The monarch laid the first wreath at the Cenotaph in London’s Whitehall to commemorate those who have made the ultimate sacrifice in the decades since the First World War, bowing her head after paying her respects.
Senior royals, including Second World War veteran the Duke of Edinburgh, the Prince of Wales and the Duke of Cambridge joined politicians, military leaders, veterans and serving personnel in laying wreaths of poppies at the monument.
Prime Minister David Cameron described this year’s Remembrance Sunday as “particularly poignant” as 2014 marked the 100th anniversary of the start of the First World War, the 70th anniversary of the D-Day landings and the end of Britain’s 13-year conflict in Afghanistan.
Millions across the UK fell silent in tribute to those lost in war, joining the crowds gathered in central London who stood in a moment of quiet contemplation as Big Ben struck 11am.
Amid heightened fears of a terror attack, there was a large police presence at the Cenotaph in Whitehall, with a helicopter hovering above the site before the ceremony.
Scotland Yard said it had an “appropriate and proportionate” policing plan in place for the event, after four men were arrested in connection with an alleged Islamist terror plot on British soil on Thursday.
At the heart of the service was a two-minute silence, marked at the beginning and end by the firing of a round by the King’s Troop Royal Horse Artillery, using a 13-pounder First World War gun.
At the end of the silence, buglers of the Royal Marines sounded the last post.
In cool and overcast conditions, the royals and dignitaries then laid their wreaths at the Cenotaph.
Mr Cameron was first after the royals to do so, followed by Deputy Prime Minister Nick Clegg and Labour leader Ed Miliband.
Former prime ministers Sir John Major, Tony Blair and London mayor Boris Johnson also took part in the ceremony.
The Duchess of Cambridge and Duchess of Cornwall watched from the Foreign Office balcony.
Mr Cameron said: “Today we stand united to remember the courageous men and women who have served our country, defended our freedoms and kept us safe.
“We remember all those who have fallen and those who have risked their lives to protect us.
“We owe each and every member of our armed forces and the families who support them a tremendous debt - one that can never be repaid - and I pay huge tribute to their bravery and resolve.”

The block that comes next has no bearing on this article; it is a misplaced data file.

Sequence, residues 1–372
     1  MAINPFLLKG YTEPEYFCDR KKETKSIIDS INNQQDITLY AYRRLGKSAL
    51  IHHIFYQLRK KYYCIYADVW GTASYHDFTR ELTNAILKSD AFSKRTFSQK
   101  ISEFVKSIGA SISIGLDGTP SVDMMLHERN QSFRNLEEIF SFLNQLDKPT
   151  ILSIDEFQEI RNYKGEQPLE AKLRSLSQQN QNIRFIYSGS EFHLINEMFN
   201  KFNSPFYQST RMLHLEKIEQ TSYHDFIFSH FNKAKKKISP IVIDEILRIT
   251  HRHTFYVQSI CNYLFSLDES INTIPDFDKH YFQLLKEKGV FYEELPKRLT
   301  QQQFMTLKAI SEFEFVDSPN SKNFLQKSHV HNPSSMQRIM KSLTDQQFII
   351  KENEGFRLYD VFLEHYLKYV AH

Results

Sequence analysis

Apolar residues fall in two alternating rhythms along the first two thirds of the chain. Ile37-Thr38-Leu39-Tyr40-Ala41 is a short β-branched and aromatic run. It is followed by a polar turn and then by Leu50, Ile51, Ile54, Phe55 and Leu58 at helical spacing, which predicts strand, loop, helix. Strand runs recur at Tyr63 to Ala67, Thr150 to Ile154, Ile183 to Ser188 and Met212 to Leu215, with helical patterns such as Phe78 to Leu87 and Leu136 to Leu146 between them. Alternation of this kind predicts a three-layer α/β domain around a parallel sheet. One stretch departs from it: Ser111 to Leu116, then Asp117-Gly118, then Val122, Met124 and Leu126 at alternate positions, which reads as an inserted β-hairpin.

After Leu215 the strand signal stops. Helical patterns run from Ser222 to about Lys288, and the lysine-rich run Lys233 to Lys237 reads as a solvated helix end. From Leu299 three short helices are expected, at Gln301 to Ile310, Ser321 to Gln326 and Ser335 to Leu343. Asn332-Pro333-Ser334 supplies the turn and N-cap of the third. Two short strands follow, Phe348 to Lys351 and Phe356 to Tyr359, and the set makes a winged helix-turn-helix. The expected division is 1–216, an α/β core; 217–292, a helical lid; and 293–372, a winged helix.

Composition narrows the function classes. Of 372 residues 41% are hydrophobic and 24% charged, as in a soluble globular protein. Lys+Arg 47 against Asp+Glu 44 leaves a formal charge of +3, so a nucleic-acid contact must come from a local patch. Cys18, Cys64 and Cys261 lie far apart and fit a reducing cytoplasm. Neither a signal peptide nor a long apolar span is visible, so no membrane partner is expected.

The ceramic poppy field at the Tower of London was an “incredibly moving, yet stark reminder” of how many people gave their lives in the First World War, Mr Cameron added.
It was announced yesterday that the wave section of the artwork - which will have 888,246 ceramic poppies installed by Armistice Day, one for each British and colonial death during the conflict - will remain on show until the end of the month.
The Queen will be joined by the Duke of Edinburgh at the Cenotaph in Whitehall, according to the official website of the British Monarchy.
The Prince of Wales and Duchess of Cornwall will also attend, along with the Earl and Countess of Wessex, the site said.
A two-minute silence at the heart of the service will be marked at the beginning and end by the King’s Troop Royal Horse Artillery firing one round from one of their 13-pounder First World War guns from Horse Guards Parade.
Meanwhile, as dusk falls, images of falling poppies are to be projected on to Parliament’s Elizabeth Tower - popularly known as Big Ben - as part of commemorations of the centenary of the conflict.
A service will also be held at the National Memorial Arboretum in Staffordshire, before wreaths are laid at the stone armed forces memorial.
Since last year’s Remembrance Sunday, seven members of the British armed forces have died on operations.
The news comes after Mr Cameron announced a key part of the emotive artwork at the tower of London will remain until the end of the month.
The artwork created by ceramic artist Paul Cummins, with setting by stage designer Tom Piper, features 888,246 ceramic poppies which have progressively filled the Tower’s famous moat.
The piece has proved so popular with visitors that it has been decided that the Wave section of the artwork will remain on show until the end of the month so more people have the opportunity to see it at the Tower.
Floodlights have already been installed to allow the poppies to be viewed after dusk after overcrowding in the area forced the closure of nearby Tower Hill Tube station and prompted a plea last weekend urging to visitors to postpone their plans.
Despite a campaign for the poppies to remain long term, Historic Royal Palaces, which runs the Tower of London, has said it intends to start dismantling the artwork on November 12 - the day after Armistice Day - as planned.
A team of 8,000 volunteers has been lined up to start removing and cleaning ceramic poppies, before dispatching them to buyers who have paid £25 each to raise money for armed forces charities.
But after he announced the Wave would remain in place for a few extra weeks, Mr Cameron said the installation, created to mark the centenary of the start of the First World War, had become a “much-loved and respected monument” in a short space of time.
The Wave and the Weeping Window will also go on a tour of sites across the UK until 2018 so as many people as possible can see them. They will eventually go on permanent display at the Imperial War Museum.